At the heart of an ultraprecision machine is a working tool tipped with a gem-quality diamond. The tiny stone enables "single-point diamond turning," a process used to make a wide variety of electro-optical components--night-vision systems, reflective mirrors for industrial and medical lasers, and telecom components, to name a few.
It works like this: The diamond forms a tool that looks something like the beak of a woodpecker. This tool cleanly "turns," or removes, slivers of metal or plastic from the part rotating in front of it. While conventional tools run on tens of horsepower, "just ounces of thrust are required to keep our machine tool in contact with the material," says Walter Lewandowski, Precitech's R&D manager. "We're using a fine control to take a little bit of material off rather than a large amount of power to take off a lot of material." The less power used, the greater the precision of the process.
Diamond turning works well with nonferrous materials such as aluminum, copper, tin, and silver, but it's more complicated to use the process on ferrous metals such as steel or on brittle materials like optical glass. A chemical reaction turns the diamond into graphite, destroying the cutting edge of the tool.
That's a serious limitation, since steel is what's used to make fuel-injection components for car engines, not to mention the molds for millions of CDs, DVDs, contact lenses, and bifocals. To get around this, some users substitute a boron-nitrite tool for the diamond. These aren't as exact as diamonds, but ferrous parts usually do not require the same level of precision as optical components. Other machine users coat the steel with a paper-thin layer of nickel before turning it with a diamond, fooling it into acting like nonferrous material. With these modifications, ferrous metals can be machined to the required accuracy.
The most exciting trend in precision machining is the ability to create optics with so-called free-form geometries. A growing demand for such lenses, mirrors, and other components, which have nonsymmetrical surfaces, has led to the development of machines that can operate on three, four, and even five axes. Inside these machines, the cutting tools and the work pieces engage in an intricate dance. In one advanced technique called raster flycutting--so named because it resembles the raster, or scan, lines of a TV set--the piece being worked on is held stationary while the cutting tool or wheel moves in as many as five axes, like a vastly accelerated sculptor's spatula.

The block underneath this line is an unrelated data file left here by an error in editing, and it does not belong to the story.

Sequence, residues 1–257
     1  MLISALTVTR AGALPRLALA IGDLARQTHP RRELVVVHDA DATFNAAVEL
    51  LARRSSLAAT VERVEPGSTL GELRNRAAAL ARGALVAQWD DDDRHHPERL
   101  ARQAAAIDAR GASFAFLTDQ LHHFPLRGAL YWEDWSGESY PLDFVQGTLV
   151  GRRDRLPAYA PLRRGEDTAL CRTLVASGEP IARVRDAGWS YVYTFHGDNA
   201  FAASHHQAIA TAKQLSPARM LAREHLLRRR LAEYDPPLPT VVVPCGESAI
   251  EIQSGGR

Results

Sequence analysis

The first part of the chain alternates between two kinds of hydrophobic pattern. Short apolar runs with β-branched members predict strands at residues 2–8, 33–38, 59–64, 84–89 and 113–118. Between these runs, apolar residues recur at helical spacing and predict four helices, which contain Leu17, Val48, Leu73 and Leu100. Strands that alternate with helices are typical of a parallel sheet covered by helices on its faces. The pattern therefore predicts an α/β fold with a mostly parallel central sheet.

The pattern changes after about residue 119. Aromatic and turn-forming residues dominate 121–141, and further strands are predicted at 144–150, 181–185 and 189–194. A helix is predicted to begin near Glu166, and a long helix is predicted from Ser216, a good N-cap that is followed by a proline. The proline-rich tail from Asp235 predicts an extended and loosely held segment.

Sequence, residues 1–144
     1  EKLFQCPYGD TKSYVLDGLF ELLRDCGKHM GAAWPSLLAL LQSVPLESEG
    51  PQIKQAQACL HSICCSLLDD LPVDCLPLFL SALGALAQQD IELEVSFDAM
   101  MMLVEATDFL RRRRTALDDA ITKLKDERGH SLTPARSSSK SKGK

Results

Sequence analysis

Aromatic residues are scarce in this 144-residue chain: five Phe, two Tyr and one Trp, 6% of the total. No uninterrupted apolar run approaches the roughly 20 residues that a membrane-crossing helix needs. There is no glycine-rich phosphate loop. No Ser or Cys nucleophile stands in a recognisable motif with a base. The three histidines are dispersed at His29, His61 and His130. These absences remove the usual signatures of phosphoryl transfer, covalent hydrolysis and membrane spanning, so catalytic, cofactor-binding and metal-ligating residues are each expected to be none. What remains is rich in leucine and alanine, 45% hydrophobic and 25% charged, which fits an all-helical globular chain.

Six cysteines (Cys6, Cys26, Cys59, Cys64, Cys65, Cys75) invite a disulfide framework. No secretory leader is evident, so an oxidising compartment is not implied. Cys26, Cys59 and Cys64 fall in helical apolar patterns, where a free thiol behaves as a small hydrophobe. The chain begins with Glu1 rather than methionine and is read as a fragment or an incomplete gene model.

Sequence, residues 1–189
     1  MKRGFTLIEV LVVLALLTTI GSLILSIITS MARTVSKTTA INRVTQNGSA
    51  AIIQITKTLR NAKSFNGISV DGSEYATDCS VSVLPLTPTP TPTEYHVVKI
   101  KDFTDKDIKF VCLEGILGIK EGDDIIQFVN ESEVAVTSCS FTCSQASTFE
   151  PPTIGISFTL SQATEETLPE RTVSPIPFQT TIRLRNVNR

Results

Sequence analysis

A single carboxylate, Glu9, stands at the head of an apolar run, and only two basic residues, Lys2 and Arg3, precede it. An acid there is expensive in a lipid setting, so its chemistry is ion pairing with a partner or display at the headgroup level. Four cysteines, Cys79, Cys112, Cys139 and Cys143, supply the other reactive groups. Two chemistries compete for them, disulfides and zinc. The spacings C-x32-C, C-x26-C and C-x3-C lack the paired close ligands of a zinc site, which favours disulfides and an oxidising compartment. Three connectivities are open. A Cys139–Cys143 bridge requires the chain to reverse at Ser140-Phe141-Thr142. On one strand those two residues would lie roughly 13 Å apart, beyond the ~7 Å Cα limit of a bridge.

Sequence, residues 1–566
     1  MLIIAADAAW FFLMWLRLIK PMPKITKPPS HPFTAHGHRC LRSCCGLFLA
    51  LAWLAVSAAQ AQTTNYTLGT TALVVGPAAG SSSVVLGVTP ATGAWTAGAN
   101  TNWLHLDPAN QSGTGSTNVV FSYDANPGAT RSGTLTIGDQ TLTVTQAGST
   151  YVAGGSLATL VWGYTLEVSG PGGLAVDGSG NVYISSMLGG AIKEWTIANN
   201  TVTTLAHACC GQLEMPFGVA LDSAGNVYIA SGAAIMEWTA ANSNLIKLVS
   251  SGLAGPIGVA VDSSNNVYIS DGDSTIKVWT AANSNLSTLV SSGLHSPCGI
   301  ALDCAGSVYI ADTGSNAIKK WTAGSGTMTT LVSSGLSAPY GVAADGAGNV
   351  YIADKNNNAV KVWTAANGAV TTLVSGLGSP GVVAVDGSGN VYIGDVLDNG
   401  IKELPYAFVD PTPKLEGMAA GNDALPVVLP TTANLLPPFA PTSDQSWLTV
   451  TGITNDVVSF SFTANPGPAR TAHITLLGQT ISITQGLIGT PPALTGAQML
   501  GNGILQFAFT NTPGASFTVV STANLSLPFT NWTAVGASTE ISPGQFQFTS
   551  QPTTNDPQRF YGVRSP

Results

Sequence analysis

The ability to mass-produce nonsymmetrical, or "aspheric," lenses is leading to astonishing advances in light manipulation. Aspheric lenses concentrate light more efficiently than conventional lenses, sharply reducing the number necessary to make a product work while at the same time increasing its efficacy. That's fueling a boom in all sorts of consumer and industrial electronics. "Ultraprecision machining is doing for light what integrated circuits did for electronics," says Alan R. Hedges, a Ph.D. in optics who manages precision machining at II-VI.
The latest ultraprecision optical systems lie behind the improved accuracy of the laser-guided bombs and missiles used in the war in Iraq, for example. More-mundane applications surround us every day. 3M uses ultraprecision machines to make high-reflectivity tape for highway signs and police cars. Inside the tape, tiny pyramidal lenses make light bounce from one lens to another, and finally back toward the light source. Cameras with zoom lenses that once measured in feet now fit into a jacket pocket. The use of aspherical mirrors in laser printers has cut the length of their scanning system in half and dramatically reduced their cost.
More innovations are coming into use. Consider the growing use of optics in automobiles, such as in the headlights in late-model cars. Not only are they smaller and more elongated than their predecessors, but in the corner you might spot a honeycomb of tiny lenses, put there to better concentrate the light. Other electro-optical devices--light-emitting diodes, or LEDs--are now being used as brake lights in some luxury cars. LEDs are 20 times more efficient than electric bulbs and can last for decades.